Nigeria Ranks 3rd In Cholera Burden, Poor Sanitation Globally – WaterAid

Nigeria has been ranked third in the list of list of countries with the highest estimated number of cholera cases globally after India and Ethiopia.

In a new report by WaterAid, it said India has the greatest number of people living without access to clean water (163 million) and a decent household toilet (732 million), followed by Ethiopia and Nigeria who also have the second and third highest number of people living without access to clean water, and rank among the top for having the most people without basic sanitation.

Nicole Hurtubise, WaterAid Canada’s Chief Executive officer, said: “The fact that this preventable disease still affects 2.9 million people every year and kills 95,000 people is inconceivable. Cholera can be eliminated with simple things we already know work. By providing people with clean water and decent sanitation, we can win the war against cholera and leave this deadline disease behind forever.”

On Thursday, October 4, the WHO”s Global Task Force for Cholera Control (GTFCC) will launch ‘The War to End Cholera – A Global Roadmap to 2030’ with a goal to reduce cholera deaths by 90 per cent and eliminate the transmission of the in up to 20 countries by 2030.

The strategy document states that “As global cases of cholera soar following recent outbreaks in Yemen, Nigeria, Haiti and the Democratic Republic of Congo, it’s more important than ever to eliminate the threat this preventable disease poses with the tools we know work – including clean water, and decent sanitation and hygiene (WASH).”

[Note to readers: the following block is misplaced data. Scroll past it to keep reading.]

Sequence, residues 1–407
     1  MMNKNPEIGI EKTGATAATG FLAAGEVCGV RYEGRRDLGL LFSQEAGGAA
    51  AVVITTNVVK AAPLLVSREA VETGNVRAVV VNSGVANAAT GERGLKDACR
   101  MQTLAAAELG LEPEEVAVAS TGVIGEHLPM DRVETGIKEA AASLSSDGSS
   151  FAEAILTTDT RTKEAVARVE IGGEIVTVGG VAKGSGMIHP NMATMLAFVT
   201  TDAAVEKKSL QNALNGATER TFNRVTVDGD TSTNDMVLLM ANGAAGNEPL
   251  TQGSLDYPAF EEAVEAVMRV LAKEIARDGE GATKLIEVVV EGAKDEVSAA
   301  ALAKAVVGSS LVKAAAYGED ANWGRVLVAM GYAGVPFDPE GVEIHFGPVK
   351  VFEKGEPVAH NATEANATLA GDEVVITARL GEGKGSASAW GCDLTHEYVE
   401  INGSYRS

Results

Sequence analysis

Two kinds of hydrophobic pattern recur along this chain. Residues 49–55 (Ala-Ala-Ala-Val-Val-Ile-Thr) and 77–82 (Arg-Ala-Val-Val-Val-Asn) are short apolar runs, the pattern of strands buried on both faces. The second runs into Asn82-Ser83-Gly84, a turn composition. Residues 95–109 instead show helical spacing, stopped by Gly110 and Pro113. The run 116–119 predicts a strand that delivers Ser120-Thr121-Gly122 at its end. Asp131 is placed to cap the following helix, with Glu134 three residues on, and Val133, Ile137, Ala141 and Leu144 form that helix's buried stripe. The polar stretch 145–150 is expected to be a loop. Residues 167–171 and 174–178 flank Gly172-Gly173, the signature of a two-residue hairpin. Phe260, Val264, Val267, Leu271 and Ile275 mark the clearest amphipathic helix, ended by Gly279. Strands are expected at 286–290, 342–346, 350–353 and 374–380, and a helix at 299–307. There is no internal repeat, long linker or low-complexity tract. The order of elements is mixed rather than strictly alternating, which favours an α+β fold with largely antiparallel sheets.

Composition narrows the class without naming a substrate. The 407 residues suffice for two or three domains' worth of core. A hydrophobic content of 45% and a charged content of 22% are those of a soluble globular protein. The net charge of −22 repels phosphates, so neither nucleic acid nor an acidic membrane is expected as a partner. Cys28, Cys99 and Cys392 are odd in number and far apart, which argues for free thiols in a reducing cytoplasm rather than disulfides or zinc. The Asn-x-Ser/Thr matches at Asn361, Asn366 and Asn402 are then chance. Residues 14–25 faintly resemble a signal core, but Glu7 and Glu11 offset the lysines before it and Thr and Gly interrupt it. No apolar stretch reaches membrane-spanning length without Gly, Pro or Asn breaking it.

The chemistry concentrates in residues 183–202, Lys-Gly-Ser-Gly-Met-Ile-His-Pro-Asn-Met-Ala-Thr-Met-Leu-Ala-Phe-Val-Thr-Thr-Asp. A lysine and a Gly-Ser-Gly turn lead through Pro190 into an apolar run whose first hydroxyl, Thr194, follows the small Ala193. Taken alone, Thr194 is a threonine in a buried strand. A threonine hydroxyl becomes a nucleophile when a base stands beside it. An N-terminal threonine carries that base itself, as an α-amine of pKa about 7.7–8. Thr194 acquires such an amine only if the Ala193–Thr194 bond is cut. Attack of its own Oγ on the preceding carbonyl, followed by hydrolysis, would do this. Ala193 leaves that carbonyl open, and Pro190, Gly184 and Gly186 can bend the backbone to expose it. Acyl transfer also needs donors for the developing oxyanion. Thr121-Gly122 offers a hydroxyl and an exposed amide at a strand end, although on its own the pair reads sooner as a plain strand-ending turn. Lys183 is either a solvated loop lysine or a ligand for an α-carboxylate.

Counting the cost, WaterAid notes that; “Cholera not only has a huge human cost in terms of the number of lives lost, it also inflicts a huge economic burden on countries.

“On average cholera costs the world an estimated $2 billion per year in treatment and hospitalisation as well as the related loss to productivity.

“Cholera is persistent, and outbreaks often occur in the same geographical areas demonstrating that current strategies aren’t controlling it.

“Most efforts to control cholera currently focus on emergency response to outbreaks, including household water treatments and temporary water, sanitation and hygiene services in cholera treatment centres. This costs an estimated $5 to $10 US per person.8

“While this reduces the number of cases and deaths, it doesn’t prevent the outbreak of the disease in the first place, often because the worst affected areas don’t have long-term access to clean water, decent toilets with hygienic waste disposal, and good hygiene practices including handwashing with soap.”

It is estimated that in Nigeria, over 220,397 cases of Cholera are reported annually with deaths totaling 8,375 while about 122 million are without access to basic sanitation and another 59 million without access to basic water.

Key Facts

Cholera still affects more than 40 countries across the globe

There are 2.9 million cholera cases each year and as many as 95,000 deaths

Globally 844 million people still lack basic access to drinking water, and 2.4 billion are without a decent household toilet, potentially exposing them to a range of water-related diseases including cholera.

Cholera costs the world an estimated $2 billion per year in treatment and hospitalisation and the related lost productivity.

Ensuring communities have long-term, sustainable access to clean water, decent sanitation and hygiene may cost as little as $40 per person.

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